Firstly, may I present to you the 2022-23 Annual Report for Healthy Cities Illawarra! (HCI). It’s not a bad read – it’s always a worthwhile exercise in teamwork and celebration to write the Annual Report and I’m proud to share with you some stories of resilience, innovation, and progress that define our commitment to healthier, happier communities.
In coming to the end of 2023, I feel an equal energy for the pursuit of social justice and health for all AND cultivating inner peace. Like most people, I have felt helpless and hopeless this year against the backdrop of unspeakable warfare, an emphatic NO vote in the Voice to Parliament referendum, and more and more people in our very rich and lucky country without enough food to eat or a roof over their head. I’ll have some exciting new initiatives to reveal! I’ll be re-charging my batteries, filling my cup, realigning my chakras and any other pearls of wisdom I can draw from ready to lead the team in the never-ending battle against the social and commercial determinants of health! You’ve heard me bang on about the social determinants before – those pesky conditions and environments where people live that impact on a big bunch of health and disease patterns and quality of life outcomes. They’re also linked to violence.
But I’m also pumped for 2024 – I can’t wait to enjoy some time off over summer and come back ready to go again –
- Higher levels of income inequality are associated with higher rates of violence. Economic disparities can lead to frustration, resentment, and social unrest.
- Inadequate healthcare can contribute to a cycle of poverty and violence.
- Lower levels of education are often linked to increased rates of violence.
- Unstable or inadequate housing conditions can lead to stress and insecurity and unsafe conditions.
- Limited access to healthcare services can lead to untreated mental health issues and substance abuse, which are risk factors for violence.
- Discrimination based on race, ethnicity, or other factors can lead to social exclusion and increased vulnerability to violence. It can also contribute to a sense of injustice, which may manifest in violent behaviors.
I mention this because on 2nd Dec, our local media reported that 39yr old mother of two, Kristie McBride, died from her injuries sustained during that awful stabbing brawl a week earlier. Read hereIt is a cruel and devastating tragedy; unfathomable that children are responsible. The attack took place on Bundaleer Housing Estate in Warrawong, about 30minutes after the HCI team from Active In-Betweens had left their usual Wednesday afternoon of program delivery. On behalf of HCI, I extend our deepest sympathies to Kristie’s family and friends in what must be an unimaginable pain they are going through.As a community, we must do better.HCI has run the Active In-Betweens after-school program for 8-12-year-olds on the Bundaleer Estate since 2018. It is an area of high need. We like to talk about ‘protective factors’ in the social health scene – attributes that can help people deal with adversity, lower the risk of poor behaviours and generally promote health. Our Active In-Betweens program is designed to do this. Unfortunately, funding is neither stable nor secure. The Bolsta Fundraising Raffle is a small way that you can help us to stay working with the children on the Bundaleer Estate. The next big cash prize will be drawn on 29th Feb 2024. In the meantime, we will work hard with Barnardos South Coast and others to continue to advocate to the NSW State government for funding – after all, investment in prevention and early intervention will not only save them (and all of us) a lot of money, but it also contributes to safer, healthier, happier communities and we mustn’t take that for granted.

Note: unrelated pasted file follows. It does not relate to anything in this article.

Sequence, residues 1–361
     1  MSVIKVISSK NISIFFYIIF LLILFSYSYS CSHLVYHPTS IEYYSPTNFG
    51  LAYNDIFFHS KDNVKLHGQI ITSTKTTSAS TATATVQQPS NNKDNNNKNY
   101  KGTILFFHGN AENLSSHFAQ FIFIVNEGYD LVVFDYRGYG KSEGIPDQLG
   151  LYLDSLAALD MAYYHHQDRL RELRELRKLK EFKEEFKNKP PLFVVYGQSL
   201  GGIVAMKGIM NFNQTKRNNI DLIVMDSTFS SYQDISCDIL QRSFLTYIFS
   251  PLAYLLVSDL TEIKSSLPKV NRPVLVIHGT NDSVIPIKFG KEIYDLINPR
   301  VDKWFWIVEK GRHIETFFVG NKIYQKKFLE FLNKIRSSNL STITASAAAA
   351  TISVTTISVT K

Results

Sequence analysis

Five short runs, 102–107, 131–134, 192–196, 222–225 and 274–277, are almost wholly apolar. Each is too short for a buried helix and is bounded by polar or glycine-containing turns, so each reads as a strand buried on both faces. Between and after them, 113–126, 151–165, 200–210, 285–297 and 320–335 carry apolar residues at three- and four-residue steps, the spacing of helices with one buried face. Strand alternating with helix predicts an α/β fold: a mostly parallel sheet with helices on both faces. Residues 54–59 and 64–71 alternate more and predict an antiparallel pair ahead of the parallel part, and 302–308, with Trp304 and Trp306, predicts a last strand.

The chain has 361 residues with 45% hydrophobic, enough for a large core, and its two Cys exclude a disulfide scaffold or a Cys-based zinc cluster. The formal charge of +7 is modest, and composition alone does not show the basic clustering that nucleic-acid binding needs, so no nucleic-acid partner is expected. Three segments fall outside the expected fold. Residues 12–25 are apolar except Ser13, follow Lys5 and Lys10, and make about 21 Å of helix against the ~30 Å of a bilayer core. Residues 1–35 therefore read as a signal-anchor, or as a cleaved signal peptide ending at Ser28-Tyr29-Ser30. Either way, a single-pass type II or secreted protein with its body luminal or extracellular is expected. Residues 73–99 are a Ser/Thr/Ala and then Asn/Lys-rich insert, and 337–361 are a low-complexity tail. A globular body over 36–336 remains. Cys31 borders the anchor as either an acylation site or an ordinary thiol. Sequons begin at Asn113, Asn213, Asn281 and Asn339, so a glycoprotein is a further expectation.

Public health interventions that focus on reducing inequalities, improving access to education and healthcare, and creating supportive social environments can contribute to a safer and healthier society.16 Days of Activism against Gender-Based Violence against women and girls. A shout out to Shellharbour Council and their collaborators in developing the new podcast series, Agents for Change. If you don’t know where to start in wanting to reduce violence against women, and contributing to a more peaceful community, then I invite you to simply listen to a podcast. Small, but significant steps. Now, back to that inner-peace thing – which is a nice thing to end on as we come into the holiday season, no matter what your belief system is, or lack thereof. A friend has recently made me aware of the Inner Development Goals (IDGs) to help accelerate the work towards the UN’s Sustainable Development Goals (SDGs) which is definitely worth a look https://vimeo.com/657361309. It is really just acknowledging that we all have strengths and skills in us as individuals that need to be harnessed to bring about transformational and sustainable change, personally and globally. Locally, you might be interested in the work of Illawarra People 4 Peace, a small group of people offering a movement for peace, one small act and one person at a time. Wishing everyone a healthy, safe and peaceful holiday season and looking forward to all the new opportunities that the new year will bring.Thank you for taking the time to read my quarterly update.Healthy regards, Kelly
We can all help in creating supportive environments – this Sunday Dec 10 is Human Rights Day, and also the conclusion of the global